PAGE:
- Sat May 18 1:00 PM
THIS IS HOW IT ENDS: Conversations and Musings on the Future of Emerging Technologies and Performance is a forum focused on the relationship between performance and emerging technologies. The dominant concern when discussing the two is how performance might harness these technologies and what art might look like in the future. What if we look at it from another vantage point — might performance be able to disrupt and influence emerging technology? How could the concerns of performance (language, space, corporeality, materiality, time, emotions, inclusivity) impact technology in this time of lighting speed transformation? Join us for an idiosyncratic combination of panel discussions, lectures, demonstrations and performances that ruminate on the future/s of performance and technology.
- Janani Balasubramaniam (Writer, game designer, and immersive theater maker)
- Thomas Deuel (Neuroscientist, Musician and Neurologist)
- Annie Dorsen (Writer and Director)
- James Coupe (Artist)
- Andrew Kircher (Director, Devised Theater Initiative, The Public Theater)
- Susie Lee (Artist, Entrepreneur, Creative Director)
- Dafina Toussainté McMillan (Co-founder, Crux)
- Ahamefule J. Oluo (Comedian, Musician)
- Meiyin Wang (Producer, Curator)
The Forum at Town Hall (west entrance)
1119 Eighth Avenue
Seattle, Washington 98101
Doors open at 12 noon
THIS IS HOW IT ENDS: Conversations and Musings on the Future of Emerging Technologies and Performance
1:00–1:10 pm: Welcome and Introduction
Meiyin Wang (Curator)
1:10–2:00 pm: Making Art with Scientists
Janani Balasubramanian (Writer and Artist)
Artist Janani Balasubramanian will speak on building an artistic practice in rigorous, deep collaboration with astrophysicists, or with scientists more generally. The talk will explore a) best practices for developing art/science works, particularly with respect to sharing research and compositional practices across fields and b) making work that is accessible to diverse audiences, including those who have been historically marginalized from STEM fields and from many artistic spaces. The talk will conclude with a demo of recent prototypes of Balasubramanian's collaborative works.
2:00–2:45 pm: The Encephalophone: from Experimental Musical Instrument to Clinical Trials
Thomas Deuel (Neuroscientist, Musician and Neurologist)
Since early in the history of the use of electroencephalogram (EEG) for measurement of electrical patterns of the human brain, efforts have been made to transform EEG electrical activity into sound. These efforts not only created diagnostic alternatives to purely visual feedback, but also opened up new possibilities for artistic expression, and created possibilities for therapeutic biofeedback. Thomas Deuel discusses his work with music generated through conscious control of the electroencephalogram.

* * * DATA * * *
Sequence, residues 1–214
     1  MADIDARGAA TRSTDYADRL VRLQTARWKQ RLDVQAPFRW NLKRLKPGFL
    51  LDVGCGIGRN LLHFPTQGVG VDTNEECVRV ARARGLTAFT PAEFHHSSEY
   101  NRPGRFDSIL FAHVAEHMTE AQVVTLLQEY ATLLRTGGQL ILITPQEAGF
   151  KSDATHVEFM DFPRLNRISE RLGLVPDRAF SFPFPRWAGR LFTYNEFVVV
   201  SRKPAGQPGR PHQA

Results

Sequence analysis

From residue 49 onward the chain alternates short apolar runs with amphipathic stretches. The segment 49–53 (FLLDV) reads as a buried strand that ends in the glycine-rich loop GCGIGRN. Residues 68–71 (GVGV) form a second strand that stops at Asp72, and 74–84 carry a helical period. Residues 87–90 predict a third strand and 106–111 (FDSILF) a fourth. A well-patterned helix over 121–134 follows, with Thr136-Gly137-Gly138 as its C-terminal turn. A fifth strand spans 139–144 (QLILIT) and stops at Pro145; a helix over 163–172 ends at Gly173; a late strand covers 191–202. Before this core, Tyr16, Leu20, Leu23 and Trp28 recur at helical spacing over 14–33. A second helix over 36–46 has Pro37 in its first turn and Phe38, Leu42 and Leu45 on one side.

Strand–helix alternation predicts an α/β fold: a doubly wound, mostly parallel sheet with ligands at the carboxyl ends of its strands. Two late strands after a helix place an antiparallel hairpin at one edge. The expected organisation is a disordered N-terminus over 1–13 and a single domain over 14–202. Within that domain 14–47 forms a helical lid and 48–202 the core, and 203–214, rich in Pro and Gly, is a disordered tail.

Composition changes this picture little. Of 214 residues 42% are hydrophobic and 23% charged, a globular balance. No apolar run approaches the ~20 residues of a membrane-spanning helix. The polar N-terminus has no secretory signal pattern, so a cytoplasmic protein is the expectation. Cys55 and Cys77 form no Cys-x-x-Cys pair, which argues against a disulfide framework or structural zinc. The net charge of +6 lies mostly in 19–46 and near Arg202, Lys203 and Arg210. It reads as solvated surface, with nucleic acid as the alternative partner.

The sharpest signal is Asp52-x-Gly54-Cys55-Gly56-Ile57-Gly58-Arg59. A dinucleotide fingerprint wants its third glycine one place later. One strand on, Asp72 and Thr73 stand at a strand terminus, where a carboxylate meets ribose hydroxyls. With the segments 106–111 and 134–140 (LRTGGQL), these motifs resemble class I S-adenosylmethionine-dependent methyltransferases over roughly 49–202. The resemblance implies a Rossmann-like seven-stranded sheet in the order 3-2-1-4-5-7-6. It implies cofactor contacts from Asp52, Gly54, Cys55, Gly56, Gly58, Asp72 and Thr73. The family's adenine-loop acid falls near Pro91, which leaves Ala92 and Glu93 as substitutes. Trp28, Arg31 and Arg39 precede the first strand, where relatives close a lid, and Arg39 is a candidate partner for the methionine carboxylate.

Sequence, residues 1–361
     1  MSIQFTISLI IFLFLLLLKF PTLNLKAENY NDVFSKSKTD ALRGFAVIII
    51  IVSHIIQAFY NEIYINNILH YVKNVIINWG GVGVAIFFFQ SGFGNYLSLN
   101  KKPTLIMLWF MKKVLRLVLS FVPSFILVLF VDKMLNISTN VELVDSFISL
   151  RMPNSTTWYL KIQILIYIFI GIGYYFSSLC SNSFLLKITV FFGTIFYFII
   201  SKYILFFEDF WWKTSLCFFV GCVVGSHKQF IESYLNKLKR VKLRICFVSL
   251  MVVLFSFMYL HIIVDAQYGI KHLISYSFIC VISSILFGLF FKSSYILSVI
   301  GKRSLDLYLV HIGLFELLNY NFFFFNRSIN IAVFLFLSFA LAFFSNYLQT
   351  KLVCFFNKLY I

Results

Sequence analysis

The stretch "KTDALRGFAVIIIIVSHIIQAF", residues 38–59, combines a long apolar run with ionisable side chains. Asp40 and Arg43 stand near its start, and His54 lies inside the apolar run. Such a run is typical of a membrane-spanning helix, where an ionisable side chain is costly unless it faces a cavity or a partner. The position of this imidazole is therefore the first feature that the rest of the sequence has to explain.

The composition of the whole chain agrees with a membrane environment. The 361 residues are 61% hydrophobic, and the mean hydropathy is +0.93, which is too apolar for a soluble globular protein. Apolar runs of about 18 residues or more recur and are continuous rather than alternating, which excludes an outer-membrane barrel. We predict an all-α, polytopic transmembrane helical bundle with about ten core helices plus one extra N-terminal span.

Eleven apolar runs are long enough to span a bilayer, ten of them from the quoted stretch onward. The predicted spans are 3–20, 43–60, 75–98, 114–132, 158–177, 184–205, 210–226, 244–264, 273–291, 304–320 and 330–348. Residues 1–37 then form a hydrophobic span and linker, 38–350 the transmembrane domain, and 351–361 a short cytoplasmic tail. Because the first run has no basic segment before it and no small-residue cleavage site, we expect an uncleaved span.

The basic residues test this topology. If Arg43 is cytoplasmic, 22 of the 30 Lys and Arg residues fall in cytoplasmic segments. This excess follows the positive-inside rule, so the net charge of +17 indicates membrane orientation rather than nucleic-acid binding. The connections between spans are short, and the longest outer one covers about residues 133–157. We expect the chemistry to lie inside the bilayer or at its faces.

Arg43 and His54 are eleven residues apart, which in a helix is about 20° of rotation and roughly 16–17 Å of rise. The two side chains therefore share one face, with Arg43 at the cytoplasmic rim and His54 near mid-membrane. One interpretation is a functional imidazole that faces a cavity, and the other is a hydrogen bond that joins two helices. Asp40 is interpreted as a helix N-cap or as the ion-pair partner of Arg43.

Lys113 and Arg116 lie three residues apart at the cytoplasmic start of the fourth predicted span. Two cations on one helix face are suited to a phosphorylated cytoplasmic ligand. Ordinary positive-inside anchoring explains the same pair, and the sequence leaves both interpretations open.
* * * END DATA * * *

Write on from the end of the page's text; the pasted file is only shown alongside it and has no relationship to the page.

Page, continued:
3:00–3:15 pm: BREAK
3:15–3:50 pm: Hidden Mechanics: Art Contending with Technology
Annie Dorsen (Writer and Director)
James Coupe (Artist)
Moderated by Andrew Kircher (Director, Devised Theater Initiative, The Public Theater)
Advanced digital technologies have created a profound transformation of the ways we know ourselves as public and private beings in the world--understanding about connection, human affect, emotion and labor have all been upended. In this conversation moderated by scholar and producer Andrew Kircher, the artists Annie Dorsen and James Coupe talk about their different practices which live at the intersection of art and technology, and deals with material as wide ranging as surveillance, voyeurism, privacy, machine learning, and internet chat rooms.
4:00–4:50 pm: The Future of Story: Who Determines the Next Narratives?
Susie Lee (Artist, Entrepreneur, Creative Director)
Dafina Toussainté McMillan (Co-founder, Crux)
Moderated by Meiyin Wang (Producer, Curator)
Social media, XR, immersive technology, live streaming: Developments in mass media have changed the nature of narratives and storytelling. As storytelling evolves and transforms (as does the economy around them), questions emerge. Who gets to tell the stories? How do we embrace diverse perspectives? How do we determine how it is valued? How do we do it ethically? How can we put the new and old tools of storytelling to "good" use?
4:50–5:00 pm: Science Jokes and Joke Science
Ahamefule J. Oluo (Comedian, Musician)
A scientist and a comedian disagree about the science of a joke.
Curated by Meiyin Wang (Creative Research Fellow at the University of Washington) and Co-Presented by Meany Center for the Performing Arts, the School of Drama at University of Washington, and Town Hall Seattle.
This project is presented with support from the UW Creative Fellowship Initiative, an interdisciplinary pilot project at the University of Washington exploring the nature of creative research.
Related Events at The UW:
May 18: Jack Quartet — Human Subjects
May 17: Heisenberg